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"# What is the theory behind CDR?\n",
"\n",
"Clifford Data Regression is a quantum error mitigation technique introduced in {cite}`Czarnik_2021_Quantum` and extended to variable-noise CDR in {cite}`Lowe_2021_PRR`.\n",
"This error mitigation strategy is designed for application at the gate level and is relatively straightforward to apply on gate-based quantum computers.\n",
"CDR primarily consists of creating a training data set $\\{(X_{\\phi_i}^{\\text{error}}, X_{\\phi_i}^{\\text{exact}})\\}$, where $X_{\\phi_i}^{\\text{error}}$ and $X_{\\phi_i}^{\\text{exact}}$ are the expectation values of an observable $X$ for a state $|\\phi_i\\rangle$ under error and error-free conditions, respectively.\n",
"\n",
"This method includes the following steps:\n",
"\n",
"1. **Choose Near-Clifford Circuits for Training.** Near-Clifford circuits are selected due to their capability to be efficiently simulated classically, and are denoted by $S_\\psi=\\{|\\phi_i\\rangle\\}_i$.\n",
"2. **Construct the Training Set.** The training set $\\{(X_{\\phi_i}^{\\text{error}}, X_{\\phi_i}^{\\text{exact}})\\}_i$ is constructed by calculating the expectation values of $X$ for each state $|\\phi_i\\rangle$ in $S_\\psi$, on both a quantum computer (to obtain $X_{\\phi_i}^{\\text{error}}$) and a classical computer (to obtain $X_{\\phi_i}^{\\text{exact}}$).\n",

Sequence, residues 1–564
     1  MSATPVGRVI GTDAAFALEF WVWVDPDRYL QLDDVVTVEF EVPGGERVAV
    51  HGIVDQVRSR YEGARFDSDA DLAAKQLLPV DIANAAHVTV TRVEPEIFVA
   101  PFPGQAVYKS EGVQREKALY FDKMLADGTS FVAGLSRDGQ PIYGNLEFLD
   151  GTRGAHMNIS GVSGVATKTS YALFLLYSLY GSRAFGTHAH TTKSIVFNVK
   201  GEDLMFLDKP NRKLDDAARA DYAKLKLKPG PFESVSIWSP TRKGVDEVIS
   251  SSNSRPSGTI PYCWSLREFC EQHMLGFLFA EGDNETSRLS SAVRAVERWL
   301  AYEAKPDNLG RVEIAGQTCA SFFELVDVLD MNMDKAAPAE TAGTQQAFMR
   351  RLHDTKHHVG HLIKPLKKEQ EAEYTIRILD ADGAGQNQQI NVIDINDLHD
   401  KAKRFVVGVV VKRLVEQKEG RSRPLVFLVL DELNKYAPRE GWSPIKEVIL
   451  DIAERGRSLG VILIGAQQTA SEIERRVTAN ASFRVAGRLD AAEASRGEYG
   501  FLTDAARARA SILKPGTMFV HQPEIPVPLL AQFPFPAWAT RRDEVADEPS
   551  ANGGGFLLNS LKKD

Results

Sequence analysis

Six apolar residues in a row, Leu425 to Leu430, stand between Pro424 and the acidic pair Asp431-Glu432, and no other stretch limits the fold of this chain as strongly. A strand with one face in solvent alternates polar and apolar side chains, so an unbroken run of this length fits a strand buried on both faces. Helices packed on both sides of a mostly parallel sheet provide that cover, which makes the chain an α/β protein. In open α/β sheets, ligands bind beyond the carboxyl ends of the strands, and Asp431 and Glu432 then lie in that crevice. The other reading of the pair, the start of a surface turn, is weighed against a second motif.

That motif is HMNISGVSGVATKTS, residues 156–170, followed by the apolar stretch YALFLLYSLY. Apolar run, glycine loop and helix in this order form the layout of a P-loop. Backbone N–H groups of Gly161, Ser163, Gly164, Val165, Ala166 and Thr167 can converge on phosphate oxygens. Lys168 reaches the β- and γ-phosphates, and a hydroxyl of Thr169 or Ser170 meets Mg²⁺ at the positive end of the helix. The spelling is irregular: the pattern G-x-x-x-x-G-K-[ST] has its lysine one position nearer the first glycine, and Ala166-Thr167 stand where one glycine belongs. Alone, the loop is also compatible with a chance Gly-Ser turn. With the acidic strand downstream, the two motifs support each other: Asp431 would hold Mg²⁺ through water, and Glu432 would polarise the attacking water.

"3. **Learn the Error Mitigation Model.** A model $f(X^{\\text{error}}, a)$ for $X^{exact}$ is defined and learned. Here, $a$ is the set of parameters to be determined. This is achieved by minimizing the distance between the training set, as expressed by the following optimization problem: $a_{opt} = \\underset{a}{\\text{argmin}} \\sum_i \\left| X_{\\phi_i}^{\\text{exact}} - f(X_{\\phi_i}^{\\text{error}},a) \\right|^2.$ In this expression, $a_{opt}$ are the parameters that minimize the cost function.\n",
"4. **Apply the Error Mitigation Model.** Finally, the learned model $f(X^{\\text{error}}, a_{opt})$ is used to correct the expectation values of $X$ for new quantum states, expressed as $X_\\psi^{\\text{exact}} = f(X_\\psi^{\\text{error}}, a_{opt})$.\n",
"\n",
"The effectiveness of this method has been demonstrated on circuits with up to 64 qubits and for tasks such as estimating ground-state energies.\n",
"However, its performance is dependent on the task, the system, the quality of the training data, and the choice of model."
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